“So, I never felt like we were going to be totally Scottish. We could have been much more colloquial, we could have been much more idiosyncratic in our dialogue and our dialect but it wasn’t about that. It was about the story; it was about this man’s head.”
7. Author Irvine Welsh has said the film is better than the book.
Jon S. Baird: “I hope this doesn’t sound wanky but the first thing he [Irvine] said to me when he saw the film was ‘It’s better than the book’. That was a very humbling thing for a writer to say to someone who’s adapted his material and he’s gone on record to say how much he likes James’ performance and how James’ portrayal of Bruce Robertson is more like any other character that’s he’s written, who’s gone on screen... so, unless he’s lying, he’s been very supportive.”
8. He also did a cameo which was cut.
Jon S. Baird: “He came and he did a cameo in the film, which has been cut out because although he’s one of the best writers around he’s certainly one of the worst actors.
“When he first saw the film I was more nervous about him freaking out about his cameo being cut, so when the credits started to role I was like, ‘Shit, shit, shit, shit, shit, what’s he going to say?’ and I said ‘Look I’m really sorry’, and he says ‘What? What? What?’, and I say ‘I’m sorry for cutting you out’ and he said ‘Oh, I never noticed’.”
9. Starsky And Hutch actor David Soul appears in the film singing Silver Lady.
Jon S. Baird: “There’s a load of soft rock ballads in the book and I thought there’s absolutely no fucking way that I'm having soft rock ballads throughout my film. We got rid of that quite quickly. In the book there’s that scene where they’re in a car and they’re singing... and it was suppose to be a different song but Universal Island Records, who were doing our soundtrack way back at the very beginning, they were sending me loads of different ideas of music tracks and David Soul’s Silver Lady came through, and the lyrics when you listen to them are quite actually relevant to Bruce and Carol’s story.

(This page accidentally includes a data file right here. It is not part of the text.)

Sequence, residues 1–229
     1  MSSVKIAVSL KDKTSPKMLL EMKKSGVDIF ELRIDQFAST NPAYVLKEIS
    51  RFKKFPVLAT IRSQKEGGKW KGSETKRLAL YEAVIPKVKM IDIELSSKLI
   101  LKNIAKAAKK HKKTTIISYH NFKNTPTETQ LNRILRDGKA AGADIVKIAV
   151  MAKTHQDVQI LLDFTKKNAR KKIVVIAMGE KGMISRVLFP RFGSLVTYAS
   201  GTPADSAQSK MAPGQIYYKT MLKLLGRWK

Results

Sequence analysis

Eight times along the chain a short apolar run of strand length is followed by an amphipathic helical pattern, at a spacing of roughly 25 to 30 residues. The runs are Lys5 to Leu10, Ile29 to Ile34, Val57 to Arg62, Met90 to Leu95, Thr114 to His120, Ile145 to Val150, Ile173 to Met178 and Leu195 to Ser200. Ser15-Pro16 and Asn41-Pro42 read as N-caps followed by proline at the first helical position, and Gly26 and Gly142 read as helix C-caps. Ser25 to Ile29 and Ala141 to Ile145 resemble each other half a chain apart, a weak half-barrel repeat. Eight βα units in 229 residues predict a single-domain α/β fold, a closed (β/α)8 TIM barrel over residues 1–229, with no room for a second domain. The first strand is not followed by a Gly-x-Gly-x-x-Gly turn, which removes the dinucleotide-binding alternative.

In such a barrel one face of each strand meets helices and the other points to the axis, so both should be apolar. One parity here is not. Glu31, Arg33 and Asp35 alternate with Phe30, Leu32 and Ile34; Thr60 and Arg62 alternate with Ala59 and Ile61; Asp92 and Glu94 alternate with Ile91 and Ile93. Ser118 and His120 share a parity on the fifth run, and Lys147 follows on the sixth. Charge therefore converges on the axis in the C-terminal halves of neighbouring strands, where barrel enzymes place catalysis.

“I phoned up Irvine because I wanted to check with him because he’s very particular about his music and I said: ‘What do you think of Silver Lady by David Soul?’, and I was expecting him to say ‘Fuck off’, and he said ‘That’s what I sing at Karaoke’. It was Irvine’s favourite Karaoke song and he said ‘Not only that, I know David Soul’. Ten minutes later I had emailed David Soul, arranged a meeting, met him and I said ‘You’re not really going to understand what I want you to do but trust me this is going to be good fun’.”
10. Bruce’s ‘un-PCness’ is not the shocking thing.
James McAvoy: “The thing I enjoyed the most is taking these things most people don’t say or do and not just saying them, and enjoying the fact that I got to say it, but saying them and hopefully making you guys stay with it. Maybe enjoy it; maybe find it funny because that’s creating conflict in you guys. Also then knowing that I'm maybe being vulnerable, then I’m being maniacal, then I’m being down right fucking horrible but knowing that right at the end of that scene I’m going to try anyway make you feel something unexpectedly.
“I did really, really, really enjoy it but it would reductive of me to say that I just enjoyed being un-PC. There’s a purpose for his [Bruce’s] un-PCness and that is to not prepare you for maybe profound or emotional scenes, so they shock you a bit more. Weirdly the shocking stuff isn’t what we’re looking to shock you with, we’re looking to shock you with the fact that, hopefully we’re going to make you feel for him. That should be the shocking thing. Not forgive him or like him but feel something for him.”
Filth is out in the UK on 4th October 2013.